From TVs to lightbulbs to showerheads, what we put in our homes makes an impact on the environment. If you have the resources to consider it, there are many simple changes or low-cost purchases that can make rentals a little more sustainable.
The first place to look is how much electricity our technology uses and – if you’re able – choosing the most energy-efficient options. Some utility companies provide free energy audits, and if you’re a fan of DIY projects, check out how to do one yourself. By doing so, we’re not only reducing the amount of power we use, but our bank accounts will thank us too.
After all, even when electrical devices like TVs aren’t turned on, they can still use energy if they’re left plugged into a standard outlet. Using power strips with timers or energy management systems can help. So can looking for appliances or technology that are ENERGY STAR certified.
One of the best methods to save the planet and some money? Making sure to program your thermostat or turn it off when you’re not at home. Many thermostats allow you to customize settings to turn off when you leave home every day and turn on before you get home, so you walk into a cool (or warm, during the winter) home after a long day!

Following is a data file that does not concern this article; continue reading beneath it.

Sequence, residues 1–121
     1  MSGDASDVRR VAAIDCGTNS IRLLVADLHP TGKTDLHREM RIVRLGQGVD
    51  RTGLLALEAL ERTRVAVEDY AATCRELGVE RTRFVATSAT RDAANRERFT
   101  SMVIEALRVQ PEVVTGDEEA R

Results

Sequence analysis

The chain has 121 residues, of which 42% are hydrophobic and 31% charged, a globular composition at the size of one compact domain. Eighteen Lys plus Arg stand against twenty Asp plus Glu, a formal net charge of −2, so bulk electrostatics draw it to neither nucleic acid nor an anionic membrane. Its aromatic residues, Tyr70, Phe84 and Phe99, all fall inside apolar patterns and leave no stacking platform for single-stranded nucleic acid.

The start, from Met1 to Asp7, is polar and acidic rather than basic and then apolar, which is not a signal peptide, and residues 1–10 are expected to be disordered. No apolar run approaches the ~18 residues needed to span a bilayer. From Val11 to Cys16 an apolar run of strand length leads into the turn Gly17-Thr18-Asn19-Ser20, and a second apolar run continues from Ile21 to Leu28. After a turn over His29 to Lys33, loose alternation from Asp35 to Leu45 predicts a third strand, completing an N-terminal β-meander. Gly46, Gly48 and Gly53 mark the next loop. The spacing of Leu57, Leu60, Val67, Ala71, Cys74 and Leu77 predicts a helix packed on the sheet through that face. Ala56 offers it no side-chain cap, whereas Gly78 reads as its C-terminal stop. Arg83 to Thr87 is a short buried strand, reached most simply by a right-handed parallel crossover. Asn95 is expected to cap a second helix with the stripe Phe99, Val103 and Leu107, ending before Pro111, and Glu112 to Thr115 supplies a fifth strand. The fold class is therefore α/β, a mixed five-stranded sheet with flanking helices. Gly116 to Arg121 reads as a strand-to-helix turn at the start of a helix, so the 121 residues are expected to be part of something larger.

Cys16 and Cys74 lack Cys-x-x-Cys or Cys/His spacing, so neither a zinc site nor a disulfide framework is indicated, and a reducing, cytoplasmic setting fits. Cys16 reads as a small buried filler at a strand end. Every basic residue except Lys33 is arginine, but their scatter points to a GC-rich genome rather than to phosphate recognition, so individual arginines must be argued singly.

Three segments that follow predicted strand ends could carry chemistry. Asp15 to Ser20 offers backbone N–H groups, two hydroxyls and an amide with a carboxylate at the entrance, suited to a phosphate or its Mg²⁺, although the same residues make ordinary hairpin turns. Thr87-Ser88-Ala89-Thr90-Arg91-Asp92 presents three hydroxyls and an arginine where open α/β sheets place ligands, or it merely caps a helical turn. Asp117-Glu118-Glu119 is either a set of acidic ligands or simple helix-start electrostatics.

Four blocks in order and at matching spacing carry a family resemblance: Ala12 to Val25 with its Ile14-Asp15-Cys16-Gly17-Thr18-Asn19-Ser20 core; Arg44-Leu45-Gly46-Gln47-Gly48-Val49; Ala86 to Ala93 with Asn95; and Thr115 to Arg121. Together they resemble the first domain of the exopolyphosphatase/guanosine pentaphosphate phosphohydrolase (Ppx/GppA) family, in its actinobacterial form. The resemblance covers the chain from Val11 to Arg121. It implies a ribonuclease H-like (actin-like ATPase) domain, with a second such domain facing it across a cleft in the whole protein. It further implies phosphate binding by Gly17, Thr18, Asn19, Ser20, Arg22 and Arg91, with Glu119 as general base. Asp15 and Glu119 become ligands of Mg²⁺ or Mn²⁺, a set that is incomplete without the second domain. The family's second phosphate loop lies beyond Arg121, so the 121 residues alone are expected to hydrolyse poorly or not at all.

If you don’t have a programmable thermostat, remembering to manually turn off your air conditioning or heat as you leave home is an easy fix. This reduces energy use, which is just another easy step to be sustainable as a renter.
Sustainability doesn’t stop with electricity and heat. Looking at your shower head can also make a difference. Low-flow showerheads can reduce the amount of water you use (and heat) without compromising pressure or comfort. If you can’t switch-out showerheads, keep an eye on how much water you use when showering or even running the sink when you brush your teeth!
6. Talk with Your Landlord or Management Company
Want to make a bigger change or see what else you can do to be sustainable and fight the climate crisis? Talk with the people who manage your rental about any concerns or ideas you have. If there’s an idea that can save the planet and the owner of your rental some money, it’s a win-win on both ends.
The most effective way to do this? Explain how energy-saving methods or renewable energy can save them money in the long run AND improve the property.
Whether you’re asking your landlord or management company to consider putting solar panels on your rental or asking for more efficient heating and cooling systems, approaching it from a stance of savings and benefits to them will give you the best shot of success.